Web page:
Banza founder: 'We want to be the Chobani of pasta'

by Monica Watrous
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Brian Rudolph, co-founder and c.e.o. of Banza
Brian Rudolph, co-founder and c.e.o. of Banza, at Natural Products Expo East
 

DETROIT — At 23 years old, Brian Rudolph had created something that, alongside the hoverboard scooter and Tesla Model X, would be named among Time magazine’s best inventions of 2015. He, with his brother Scott, co-founded Banza, a brand of chickpea-based pasta with twice the protein, four times the fiber and 40% fewer net carbohydrates than traditional wheat pasta. Today he hopes his business will become the Greek yogurt of the pasta category.

“When we initially started the business, we looked at what Chobani did as a guiding light to what we wanted to do in pasta,” Mr. Rudolph told Food Business News. “The reason we put Banza next to traditional pasta in the grocery store is that’s one of the things that worked for Chobani in easing the customer into a more nutritious, higher-protein, lower-sugar option.”

At Natural Products Expo East in Baltimore, Banza is showcasing six new pasta shapes, including angel hair, cavatappi, linguine, wheels, ziti and rigatoni. The latest additions join a lineup that includes shells, rotini, penne, elbows and spaghetti.

Banza chickpea pasta
At Expo East, Banza is showcasing six new pasta shapes, including angel hair, cavatappi, linguine, wheels, ziti and rigatoni.
 

“We want to make sure we offer everything that traditional pasta does with our brand,” Mr. Rudolph said. “We’ve gotten requests for some of the most obscure shapes. I can’t tell you how many people have requested tennis racquet shape.”

Mr. Rudolph began making chickpea pasta in his kitchen several years ago after discovering he could no longer eat one of his favorite childhood meals.

“At some point as I grew up I realized certain foods didn’t agree with me, and pasta was one of them,” he said.

He chose chickpeas because he loved the taste and, in pasta form, the legume’s yellow hue resembles that of wheat.

The latest Banza pasta shapes join a lineup that includes shells, rotini, penne, elbows and spaghetti.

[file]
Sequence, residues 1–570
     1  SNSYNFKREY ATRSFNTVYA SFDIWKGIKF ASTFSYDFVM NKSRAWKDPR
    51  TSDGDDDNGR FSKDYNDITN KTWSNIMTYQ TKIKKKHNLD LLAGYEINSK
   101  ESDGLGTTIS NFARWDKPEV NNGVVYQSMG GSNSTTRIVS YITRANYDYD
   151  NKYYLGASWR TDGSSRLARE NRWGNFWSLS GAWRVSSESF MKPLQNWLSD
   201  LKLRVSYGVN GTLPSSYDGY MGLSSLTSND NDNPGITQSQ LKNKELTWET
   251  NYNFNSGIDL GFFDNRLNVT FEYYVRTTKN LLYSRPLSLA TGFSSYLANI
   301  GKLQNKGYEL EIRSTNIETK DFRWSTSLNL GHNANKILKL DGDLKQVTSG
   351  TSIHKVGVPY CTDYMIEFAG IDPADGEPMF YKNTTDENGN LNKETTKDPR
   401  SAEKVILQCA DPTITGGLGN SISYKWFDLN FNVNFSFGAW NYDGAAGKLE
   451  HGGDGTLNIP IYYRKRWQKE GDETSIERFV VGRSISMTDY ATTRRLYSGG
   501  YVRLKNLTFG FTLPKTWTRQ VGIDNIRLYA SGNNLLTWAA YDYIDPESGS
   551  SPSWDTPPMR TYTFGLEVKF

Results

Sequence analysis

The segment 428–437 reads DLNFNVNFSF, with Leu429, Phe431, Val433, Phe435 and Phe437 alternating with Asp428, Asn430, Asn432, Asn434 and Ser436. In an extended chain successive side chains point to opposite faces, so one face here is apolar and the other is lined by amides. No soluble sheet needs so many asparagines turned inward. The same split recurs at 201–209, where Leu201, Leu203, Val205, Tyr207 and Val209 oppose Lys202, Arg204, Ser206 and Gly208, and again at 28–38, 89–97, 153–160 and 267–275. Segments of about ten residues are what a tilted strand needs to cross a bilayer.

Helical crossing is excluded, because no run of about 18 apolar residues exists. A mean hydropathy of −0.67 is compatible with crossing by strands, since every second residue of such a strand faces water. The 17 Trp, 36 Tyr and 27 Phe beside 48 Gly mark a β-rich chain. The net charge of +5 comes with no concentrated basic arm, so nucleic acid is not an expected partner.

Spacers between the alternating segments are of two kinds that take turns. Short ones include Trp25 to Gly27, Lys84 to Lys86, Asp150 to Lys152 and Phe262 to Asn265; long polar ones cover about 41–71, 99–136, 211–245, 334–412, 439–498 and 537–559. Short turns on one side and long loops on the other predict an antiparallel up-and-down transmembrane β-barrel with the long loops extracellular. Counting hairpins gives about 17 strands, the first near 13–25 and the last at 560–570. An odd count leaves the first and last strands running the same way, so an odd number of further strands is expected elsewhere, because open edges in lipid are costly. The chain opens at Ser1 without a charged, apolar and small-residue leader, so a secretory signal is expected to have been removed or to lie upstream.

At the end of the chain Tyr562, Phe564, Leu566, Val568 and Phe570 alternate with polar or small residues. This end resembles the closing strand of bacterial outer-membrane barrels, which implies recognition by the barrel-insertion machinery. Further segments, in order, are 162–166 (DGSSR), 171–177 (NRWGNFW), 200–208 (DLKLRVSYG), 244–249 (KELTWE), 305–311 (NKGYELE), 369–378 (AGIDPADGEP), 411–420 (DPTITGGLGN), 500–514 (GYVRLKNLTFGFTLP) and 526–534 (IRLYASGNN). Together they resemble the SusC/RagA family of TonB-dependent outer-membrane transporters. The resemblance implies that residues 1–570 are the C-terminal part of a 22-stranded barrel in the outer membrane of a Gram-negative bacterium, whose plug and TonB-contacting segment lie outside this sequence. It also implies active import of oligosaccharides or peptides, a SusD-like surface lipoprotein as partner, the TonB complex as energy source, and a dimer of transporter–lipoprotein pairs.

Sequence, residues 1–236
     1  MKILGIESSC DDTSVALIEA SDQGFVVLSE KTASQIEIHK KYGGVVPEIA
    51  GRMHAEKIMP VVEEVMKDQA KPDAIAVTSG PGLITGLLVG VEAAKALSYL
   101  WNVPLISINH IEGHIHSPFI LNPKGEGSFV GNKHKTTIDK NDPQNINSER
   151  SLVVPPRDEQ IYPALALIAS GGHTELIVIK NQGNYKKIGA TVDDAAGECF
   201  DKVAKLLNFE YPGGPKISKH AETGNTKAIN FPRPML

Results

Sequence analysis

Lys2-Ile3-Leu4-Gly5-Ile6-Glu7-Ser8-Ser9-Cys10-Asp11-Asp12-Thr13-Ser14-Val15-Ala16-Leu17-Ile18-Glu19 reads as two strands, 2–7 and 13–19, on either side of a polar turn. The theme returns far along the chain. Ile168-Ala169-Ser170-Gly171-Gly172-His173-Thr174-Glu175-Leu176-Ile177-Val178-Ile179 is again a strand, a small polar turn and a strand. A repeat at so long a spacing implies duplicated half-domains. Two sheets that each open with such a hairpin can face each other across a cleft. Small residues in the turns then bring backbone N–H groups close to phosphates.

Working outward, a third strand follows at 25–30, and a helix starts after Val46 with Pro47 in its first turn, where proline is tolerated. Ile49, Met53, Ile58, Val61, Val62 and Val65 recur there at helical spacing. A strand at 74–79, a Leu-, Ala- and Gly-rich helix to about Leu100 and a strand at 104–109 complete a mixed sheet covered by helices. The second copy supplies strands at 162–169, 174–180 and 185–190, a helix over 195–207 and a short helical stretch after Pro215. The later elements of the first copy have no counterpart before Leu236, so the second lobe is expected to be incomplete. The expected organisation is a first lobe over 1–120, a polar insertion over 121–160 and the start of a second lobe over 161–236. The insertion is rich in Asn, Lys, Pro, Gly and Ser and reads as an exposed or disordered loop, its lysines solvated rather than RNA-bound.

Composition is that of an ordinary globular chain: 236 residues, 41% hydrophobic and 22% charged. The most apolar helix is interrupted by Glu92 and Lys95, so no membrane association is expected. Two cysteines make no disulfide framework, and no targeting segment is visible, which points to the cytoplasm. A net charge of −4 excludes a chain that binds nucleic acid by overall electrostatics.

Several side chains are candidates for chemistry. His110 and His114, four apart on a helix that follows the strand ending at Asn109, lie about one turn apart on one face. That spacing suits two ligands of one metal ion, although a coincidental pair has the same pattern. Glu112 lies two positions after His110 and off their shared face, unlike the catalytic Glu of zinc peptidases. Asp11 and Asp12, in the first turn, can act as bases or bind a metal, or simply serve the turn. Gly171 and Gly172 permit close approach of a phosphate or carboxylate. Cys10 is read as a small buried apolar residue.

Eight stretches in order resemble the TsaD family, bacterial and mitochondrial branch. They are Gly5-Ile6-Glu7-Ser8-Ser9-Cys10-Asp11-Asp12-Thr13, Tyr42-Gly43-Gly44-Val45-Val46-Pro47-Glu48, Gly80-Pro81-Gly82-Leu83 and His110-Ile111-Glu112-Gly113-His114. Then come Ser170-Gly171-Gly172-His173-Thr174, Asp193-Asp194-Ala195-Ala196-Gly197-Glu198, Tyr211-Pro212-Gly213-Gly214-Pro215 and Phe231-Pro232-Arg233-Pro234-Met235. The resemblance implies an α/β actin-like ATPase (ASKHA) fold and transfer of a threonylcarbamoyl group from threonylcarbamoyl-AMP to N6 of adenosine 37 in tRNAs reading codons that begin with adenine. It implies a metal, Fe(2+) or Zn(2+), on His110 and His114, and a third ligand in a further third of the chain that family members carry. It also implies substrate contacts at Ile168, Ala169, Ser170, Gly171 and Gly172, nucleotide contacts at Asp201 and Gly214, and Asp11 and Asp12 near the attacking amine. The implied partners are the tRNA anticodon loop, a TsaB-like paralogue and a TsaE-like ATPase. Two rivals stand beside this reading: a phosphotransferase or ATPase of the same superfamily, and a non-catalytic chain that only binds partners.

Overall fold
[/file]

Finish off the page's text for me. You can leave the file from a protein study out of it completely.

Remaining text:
“If you’re going to make something with a new ingredient, it’s important that it be accessible and something that isn’t too scary to give to your kids,” he said.

Although he created the product to satisfy his personal dietary needs, Mr. Rudolph doesn’t want Banza to be typecast as a gluten-free brand.

“If we position it as an alternative product that is just for people with allergies, that’s not going to get the family that’s just trying to feed their kids something a little bit better,” Mr. Rudolph said. “The way we’re going to do that is by reminding them as they’re buying traditional pasta that there is also this highly nutritious option available.”

Over the coming months, Banza products will be sold in about 7,000 retail outlets nationwide. While Mr. Rudolph declined to disclose overall sales figures, he said the brand has grown 540% year over year in Whole Foods Market stores.

Brian Rudolph said he views additional competition as a boost to the emerging segment.

Since Banza’s debut, several other brands have emerged, offering similar pasta products made with beans, peas and lentils. Mr. Rudolph sees the additional competition as a boost to the emerging segment.

“We have to recognize that such a large percentage of the country still doesn’t know that this product concept exists,” he said. “It’s an exciting challenge, and if more companies enter the space, that’s one more step toward making a more nutritious food accessible.”

The brand was selected late last year to participate in the Chobani Food Incubator, a program launched to mentor and support entrepreneurs in the food and beverage industry. Resources included a $25,000 grant to help grow the business, plus support from Chobani teams, top executives and experts.

“I started this business at 23 and had to be willing to admit that there are a lot of things you don’t know that you don’t know,” Mr. Rudolph said. “It’s amazing how much there is to learn in this industry. Seeking guidance and mentorship has made a big difference for our team.”

Banza macaroni and cheese
Banza also offers a line of chickpea pasta mac and cheese.

This summer, Banza closed on a $7.5 million Series A investment round led by Beechwood Capital. The financing will enable the company to increase production capacity, accelerate new product development and support team growth.

“When we think about how we’re going to grow our business, right now we think there’s an incredible opportunity in pasta and we’re just scratching the surface,” Mr. Rudolph said. “While there are a ton of extensions we could make, for now, we’re really focusing on how we become one of the top selling pastas in the stores we’re already in, and what kinds of partnerships we can make or other ways we can build awareness.

“Again, there’s still so many people who don’t know this better version of pasta exists.” 
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